Commercial pilot here. During training was flying a Piper cub(single-engine). We had just taxied to the active runway and were doing our run-up(pre-takeoff check). Finished the run-up, everything was functioning normally, all gauges on the green. Atc advised us to hold short of the runway due to approaching traffic. Just as the approaching traffic landed and we were about to get cleared for takeoff, our engine dies with out warning. Me and my instructor look at each other thinking, what the fuck? Look at the gauges. All gauges still on the green, fuel pump on, mixture rich. So weird… Needless to say, we aborted the flight.

If we had that engine failure a couple minutes later, we would have been airborne with too much altitude to land on any remaining runway and not enough altitude to circle around.

13. A pilot who had a seizure while flying.

Then there was the time a student had a seizure while taxiing his Cessna 172 and taxied right into a $20 million jet parked on the ramp. The student was fine, but both planes heavily damaged.

14. A pilot who was on a different frequency from another plane approaching them.

Commercial pilot, not for the airlines, but fly small planes and had passengers with me. Approached for landing at a familiar airport that was uncontrolled (no ATC). Pilots should announce their positions and intentions, but it isn’t required by law. I started announcing my position 10 miles out, and gave a lot of updates while I was inbound about my direction, position, and intention to land on a particular runway. No one else was on the radio frequency, so I landed. Just after landing, another airplane takes off over my airplane going the opposite direction. I checked my frequency to verify I had the right frequency tuned. I did, and I chewed the guy out over the radio, and there was no response. He may not have been on the right frequency.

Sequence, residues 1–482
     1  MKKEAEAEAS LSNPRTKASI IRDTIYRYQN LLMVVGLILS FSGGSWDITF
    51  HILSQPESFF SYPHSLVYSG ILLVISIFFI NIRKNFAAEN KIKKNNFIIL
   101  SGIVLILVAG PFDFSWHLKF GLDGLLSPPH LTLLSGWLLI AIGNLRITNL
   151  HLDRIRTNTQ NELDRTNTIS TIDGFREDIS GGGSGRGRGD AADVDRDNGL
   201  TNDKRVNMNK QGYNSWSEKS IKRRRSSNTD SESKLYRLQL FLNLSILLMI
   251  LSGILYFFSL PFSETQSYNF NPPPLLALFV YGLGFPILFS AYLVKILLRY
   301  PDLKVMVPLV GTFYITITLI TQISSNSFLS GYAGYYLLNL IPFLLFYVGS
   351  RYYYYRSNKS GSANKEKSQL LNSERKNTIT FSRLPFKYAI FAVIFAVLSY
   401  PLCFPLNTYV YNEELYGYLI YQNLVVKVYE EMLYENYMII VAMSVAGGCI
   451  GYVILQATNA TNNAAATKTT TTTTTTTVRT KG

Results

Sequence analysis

15. A pilot who received a bomb threat while flying.

I do hope the pilot comes on here who first shared this experience in a previous AskReddit, but he said he received a bomb threat while going on a long stretch over the ocean. Couldn’t do a single thing about it, except to wait it out and hope to god it wouldn’t come to pass. None of the passengers knew.

16. A pilot who shared too much with his passengers.

I was just on a flight where the captain shared something he probably didn’t need to. “Ladies and gentlemen, sorry about that turbulence, we are flying through the wake of another aircraft that I can’t quite see up ahead.”

17. Watching a recently ascended plane’s engine light on fire.

My father is a pilot. He worked for a small private airline company at the time and I used to go to work with him when I was 13 because I got to chill and do work/ play games while looking at the incoming and outbound aircraft.

It was cool to see a plane take off and think to myself “Wow my dad is flying that sumbitch.”

Well, one day he took off and as I was watching his right engine explodes into flames. I nearly shat myself watching that. In other news, I got to see airport emergency services respond to that as soon as he declared an emergency landing.

He made it out fine but it was a scary ass sight to see.

18. A story from a WWII bomber pilot.

My grandfather was a bomber pilot in WWII. During one of his missions someone fucked up the formation and ended up dropping bombs above his aircraft. He said he could see bombs flying past to his left and right.

19. A suicidal pilot.

My Dad is a pilot but not a redditor. For years he worked with a first officer known as the crazy guy in the company. He was creepy and often talking nonsense to himself. One day, the guy seemed increasingly agitated whilst flying with Dad. My dad felt scared that the pilot would attempt to dive the plane into the ground. When the guy snapped out of it, he whispered, “Not today…think happy thoughts…not today…” Rest assured, the pilot no longer has his license.

20. A pilot who made a whole series of mistakes at once.

B737NG. During climb, the cabin failed to pressurize. The second I heard the alarm sound I dived for the oxygen mask lightning quick. So quick that I elbowed the control column which disengaged the autopilot. Not my finest moment. Thought Catalog Logo Mark

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Charlie Shaw